Abstract

In recent years, many character designs made for movies and video games have been carried out using complex computer-based processes. User-friendly software has made it easier to produce high computation artwork and multiple texture maps.

With higher graphic performance provided by rapidly improving hardware, the continuing demand for innovation poses new requirements for the entertainment industry.

Science fiction (sci-fi) in video games and movies has limitless capabilities, and can be created to achieve a wide variety of visual goals.

One important argument presented in this thesis is that science fiction stories, unlike the related genre of fantasy, have historically intended to have at least a faint grounding in science-based fact or theory at the time the story was created. However, this connection has become tenuous, or even non-existent, in much of today’s science fiction.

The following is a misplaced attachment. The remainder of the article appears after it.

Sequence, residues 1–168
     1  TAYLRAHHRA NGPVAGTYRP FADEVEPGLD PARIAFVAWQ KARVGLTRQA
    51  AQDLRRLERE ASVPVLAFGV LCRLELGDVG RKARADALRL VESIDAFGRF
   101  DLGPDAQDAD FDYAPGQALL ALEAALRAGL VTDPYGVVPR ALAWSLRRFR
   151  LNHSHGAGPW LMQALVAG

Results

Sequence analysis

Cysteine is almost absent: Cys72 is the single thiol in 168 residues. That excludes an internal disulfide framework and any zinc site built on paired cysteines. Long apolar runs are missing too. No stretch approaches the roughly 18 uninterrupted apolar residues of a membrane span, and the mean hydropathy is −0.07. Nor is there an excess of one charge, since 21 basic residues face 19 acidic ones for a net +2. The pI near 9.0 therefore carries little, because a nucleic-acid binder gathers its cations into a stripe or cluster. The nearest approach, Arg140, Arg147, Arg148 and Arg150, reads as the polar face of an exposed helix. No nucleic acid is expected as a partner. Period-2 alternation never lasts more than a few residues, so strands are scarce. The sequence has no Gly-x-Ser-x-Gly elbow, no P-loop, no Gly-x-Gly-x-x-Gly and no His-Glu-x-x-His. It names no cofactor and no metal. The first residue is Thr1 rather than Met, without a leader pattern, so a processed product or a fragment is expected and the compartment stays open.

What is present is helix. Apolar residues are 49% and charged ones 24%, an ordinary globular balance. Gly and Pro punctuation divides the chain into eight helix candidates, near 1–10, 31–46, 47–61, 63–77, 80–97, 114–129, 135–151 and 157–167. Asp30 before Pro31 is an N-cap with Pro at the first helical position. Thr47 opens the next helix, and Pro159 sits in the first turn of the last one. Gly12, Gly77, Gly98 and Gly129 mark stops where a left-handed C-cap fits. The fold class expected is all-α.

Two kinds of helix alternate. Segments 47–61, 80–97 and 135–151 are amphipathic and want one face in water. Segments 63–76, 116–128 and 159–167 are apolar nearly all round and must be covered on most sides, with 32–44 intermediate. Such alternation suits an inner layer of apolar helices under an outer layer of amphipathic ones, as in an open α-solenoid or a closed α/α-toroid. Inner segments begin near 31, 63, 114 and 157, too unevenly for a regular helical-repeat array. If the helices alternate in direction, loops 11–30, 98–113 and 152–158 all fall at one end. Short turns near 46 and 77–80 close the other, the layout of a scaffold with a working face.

The author of this paper studied character design, and analyzed examples from the fields of robotics and prosthetics, as well as innovations in military technology, followed by experiments with different approaches to construct better detail and character elements in 3D.

This research aims to explore the combining of the need for innovation in character design, with the possibilities derived from 3D art and other substantive technologies.

Publication Date

12-2016

Document Type

Thesis

Student Type

Graduate

Degree Name

Visual Communication Design (MFA)

Department, Program, or Center

School of Design (CIAS)

Advisor

Marla Schweppe

Advisor/Committee Member

Shaun Foster

Advisor/Committee Member

David Halbstein

Campus

RIT – Main Campus

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